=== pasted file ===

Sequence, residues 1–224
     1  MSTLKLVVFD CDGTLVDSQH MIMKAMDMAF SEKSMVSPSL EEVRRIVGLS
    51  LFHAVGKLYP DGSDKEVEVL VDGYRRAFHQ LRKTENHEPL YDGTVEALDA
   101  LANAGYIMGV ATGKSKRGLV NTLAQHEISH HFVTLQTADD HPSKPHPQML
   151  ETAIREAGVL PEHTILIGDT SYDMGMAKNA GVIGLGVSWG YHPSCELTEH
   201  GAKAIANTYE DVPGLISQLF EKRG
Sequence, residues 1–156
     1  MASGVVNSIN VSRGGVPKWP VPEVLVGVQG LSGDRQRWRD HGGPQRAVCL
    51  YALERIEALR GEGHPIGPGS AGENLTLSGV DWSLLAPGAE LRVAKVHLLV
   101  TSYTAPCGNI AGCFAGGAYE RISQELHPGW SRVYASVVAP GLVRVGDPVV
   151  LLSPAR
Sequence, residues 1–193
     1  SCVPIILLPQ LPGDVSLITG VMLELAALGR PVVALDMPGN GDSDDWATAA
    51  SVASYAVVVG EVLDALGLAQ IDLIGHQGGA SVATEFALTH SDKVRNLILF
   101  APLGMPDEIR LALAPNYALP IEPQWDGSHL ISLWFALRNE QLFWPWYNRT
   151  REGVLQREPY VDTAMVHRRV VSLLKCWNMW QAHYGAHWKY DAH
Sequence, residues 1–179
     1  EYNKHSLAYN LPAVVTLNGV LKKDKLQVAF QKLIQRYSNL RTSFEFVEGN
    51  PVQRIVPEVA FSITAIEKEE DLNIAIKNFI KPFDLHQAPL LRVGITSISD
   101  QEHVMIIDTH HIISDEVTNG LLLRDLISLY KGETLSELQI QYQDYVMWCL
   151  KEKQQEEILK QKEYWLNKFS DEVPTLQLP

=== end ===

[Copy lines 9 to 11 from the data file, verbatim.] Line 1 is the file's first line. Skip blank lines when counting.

    51  YALERIEALR GEGHPIGPGS AGENLTLSGV DWSLLAPGAE LRVAKVHLLV
   101  TSYTAPCGNI AGCFAGGAYE RISQELHPGW SRVYASVVAP GLVRVGDPVV
   151  LLSPAR